You could go to one of the gatherings and cast the rods that are graciously put out for all to cast. Keep trying rods till you find one with the feel you are looking for, or at least close to it. You may find one you like even better. Then run it through one of the computer programs, online web sites, or spreadsheets to "tweak" the action.

    A suggestion, write down the rods you like and why. I have found with so many rods, the memory tends to blur after a while.

    This is a much more fun way.  (Rich Jezioro)

    I have been very interested in your request on how to design a rod that you have only cast but do not know the taper design. Since you have had no direct offers about how to do the design, I would like to design the rod for you, but I need a little information first.

    1. Rod length and number of pieces
    2. line size.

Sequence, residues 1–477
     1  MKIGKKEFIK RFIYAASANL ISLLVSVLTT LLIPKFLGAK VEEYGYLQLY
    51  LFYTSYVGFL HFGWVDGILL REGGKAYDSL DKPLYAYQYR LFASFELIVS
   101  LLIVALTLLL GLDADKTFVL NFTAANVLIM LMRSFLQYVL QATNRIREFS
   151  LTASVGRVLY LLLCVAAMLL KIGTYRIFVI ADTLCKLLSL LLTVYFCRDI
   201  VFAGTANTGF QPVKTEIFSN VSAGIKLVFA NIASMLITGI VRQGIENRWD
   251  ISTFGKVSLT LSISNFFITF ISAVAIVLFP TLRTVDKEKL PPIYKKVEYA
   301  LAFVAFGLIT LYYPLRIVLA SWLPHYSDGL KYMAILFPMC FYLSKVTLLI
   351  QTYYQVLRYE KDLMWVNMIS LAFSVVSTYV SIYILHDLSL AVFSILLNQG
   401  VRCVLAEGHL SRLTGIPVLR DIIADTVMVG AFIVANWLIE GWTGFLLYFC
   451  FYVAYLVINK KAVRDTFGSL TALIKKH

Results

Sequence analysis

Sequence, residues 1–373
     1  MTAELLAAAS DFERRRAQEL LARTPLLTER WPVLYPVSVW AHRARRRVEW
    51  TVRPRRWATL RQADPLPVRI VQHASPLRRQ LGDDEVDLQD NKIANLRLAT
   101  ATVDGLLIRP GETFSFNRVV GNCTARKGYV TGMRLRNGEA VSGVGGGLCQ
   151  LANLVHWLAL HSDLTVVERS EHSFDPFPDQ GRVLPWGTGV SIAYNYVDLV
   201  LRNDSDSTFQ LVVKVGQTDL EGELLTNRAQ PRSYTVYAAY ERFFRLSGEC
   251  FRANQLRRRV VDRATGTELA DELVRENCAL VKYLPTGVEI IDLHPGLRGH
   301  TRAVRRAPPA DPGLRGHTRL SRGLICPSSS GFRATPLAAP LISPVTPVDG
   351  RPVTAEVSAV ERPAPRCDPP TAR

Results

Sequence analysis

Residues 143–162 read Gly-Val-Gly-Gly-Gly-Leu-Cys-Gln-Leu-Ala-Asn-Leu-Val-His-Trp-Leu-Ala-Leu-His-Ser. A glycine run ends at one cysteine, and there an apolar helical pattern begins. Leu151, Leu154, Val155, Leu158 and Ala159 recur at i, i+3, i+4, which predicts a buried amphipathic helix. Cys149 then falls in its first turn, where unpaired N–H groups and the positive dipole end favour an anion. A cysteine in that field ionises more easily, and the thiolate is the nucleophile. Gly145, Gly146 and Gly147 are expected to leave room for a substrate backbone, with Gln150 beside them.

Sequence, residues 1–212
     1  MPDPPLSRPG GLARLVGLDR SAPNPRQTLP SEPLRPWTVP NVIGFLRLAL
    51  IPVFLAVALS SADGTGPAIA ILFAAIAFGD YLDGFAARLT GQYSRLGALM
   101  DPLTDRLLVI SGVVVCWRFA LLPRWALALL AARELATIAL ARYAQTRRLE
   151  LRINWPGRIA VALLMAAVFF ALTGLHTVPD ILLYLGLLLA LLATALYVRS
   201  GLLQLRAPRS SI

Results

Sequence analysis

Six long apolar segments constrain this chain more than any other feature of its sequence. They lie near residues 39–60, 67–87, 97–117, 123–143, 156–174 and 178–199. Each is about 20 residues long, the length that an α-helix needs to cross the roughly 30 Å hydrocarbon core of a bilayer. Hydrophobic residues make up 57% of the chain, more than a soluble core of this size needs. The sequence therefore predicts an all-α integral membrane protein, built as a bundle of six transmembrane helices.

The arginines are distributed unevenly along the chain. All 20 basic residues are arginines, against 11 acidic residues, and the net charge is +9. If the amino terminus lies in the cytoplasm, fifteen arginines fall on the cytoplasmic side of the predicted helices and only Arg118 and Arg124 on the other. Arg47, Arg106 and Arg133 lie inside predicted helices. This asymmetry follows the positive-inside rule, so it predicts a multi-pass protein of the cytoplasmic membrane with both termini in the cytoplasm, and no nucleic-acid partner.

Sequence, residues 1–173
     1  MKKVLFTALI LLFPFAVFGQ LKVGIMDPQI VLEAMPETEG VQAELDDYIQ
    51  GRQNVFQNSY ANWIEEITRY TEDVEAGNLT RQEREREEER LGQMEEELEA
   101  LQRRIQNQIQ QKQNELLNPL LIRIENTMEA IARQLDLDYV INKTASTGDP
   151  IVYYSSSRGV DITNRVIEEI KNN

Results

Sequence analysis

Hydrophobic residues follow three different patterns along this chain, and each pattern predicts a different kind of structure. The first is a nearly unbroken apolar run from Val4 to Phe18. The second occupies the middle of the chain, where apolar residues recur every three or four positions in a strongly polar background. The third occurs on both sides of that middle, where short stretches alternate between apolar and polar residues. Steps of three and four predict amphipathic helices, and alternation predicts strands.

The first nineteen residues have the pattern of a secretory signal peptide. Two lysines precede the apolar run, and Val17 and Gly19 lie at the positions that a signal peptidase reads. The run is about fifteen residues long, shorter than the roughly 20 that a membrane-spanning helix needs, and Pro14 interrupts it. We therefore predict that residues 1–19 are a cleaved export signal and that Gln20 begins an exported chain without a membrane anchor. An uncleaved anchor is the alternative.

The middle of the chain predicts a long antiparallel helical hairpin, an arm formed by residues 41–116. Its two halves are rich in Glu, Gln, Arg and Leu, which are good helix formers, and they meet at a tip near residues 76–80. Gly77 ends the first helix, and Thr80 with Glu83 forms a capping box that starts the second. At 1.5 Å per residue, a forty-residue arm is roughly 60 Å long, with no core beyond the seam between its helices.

3. A very accurate description of the rod action from tip to butt.

    Of course any additional information you can supply could be useful as well.  (Bob Norwood)

Rule

I have been wondering for some time now, has anyone ever taken a taper from a plastic rod and converted it to cane?  If so what were the results?

I assume the characteristics of the two different material are so different that it wouldn't work well but I know nothing about the graphite and only a little more about cane.

If someone would respond to this issue I would appreciate it.  (Dick Steinbach)

    I know of only one case, and if truth be known, the story might be aprocrophal.  When rods were being considered for the "River Runs Through It" Montagues were the first selection.  Thomas and Thomas redid and furnished some rods to the production.  The casters didn't like them because they were too slow to perform the acrobatics of line handling required.  Walton Powell had just acquired the right to manufacture Hexagraph rods in the Us.  and made up a few Hexagraphs to the Montague taper.  The rods were in my opinion an abomination.  I felt like I was casting a 2 x 4 stud. when I fished with one of them on DuPuys Creek.  Really I think the shoe is on backward.  Are not the plastic guys trying to give you the feel of bamboo?  (Ralph Moon)